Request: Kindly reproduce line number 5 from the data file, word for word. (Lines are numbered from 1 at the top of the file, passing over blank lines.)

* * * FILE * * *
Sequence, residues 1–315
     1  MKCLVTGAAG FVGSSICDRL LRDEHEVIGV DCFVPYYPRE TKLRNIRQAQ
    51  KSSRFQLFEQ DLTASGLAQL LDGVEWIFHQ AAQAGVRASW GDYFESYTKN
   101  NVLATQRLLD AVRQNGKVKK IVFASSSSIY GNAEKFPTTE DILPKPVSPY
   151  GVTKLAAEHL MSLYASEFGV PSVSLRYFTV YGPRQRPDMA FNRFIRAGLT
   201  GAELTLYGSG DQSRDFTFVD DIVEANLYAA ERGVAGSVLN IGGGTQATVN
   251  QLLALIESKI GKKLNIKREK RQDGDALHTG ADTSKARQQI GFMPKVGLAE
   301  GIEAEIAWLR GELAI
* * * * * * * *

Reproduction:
   151  GVTKLAAEHL MSLYASEFGV PSVSLRYFTV YGPRQRPDMA FNRFIRAGLT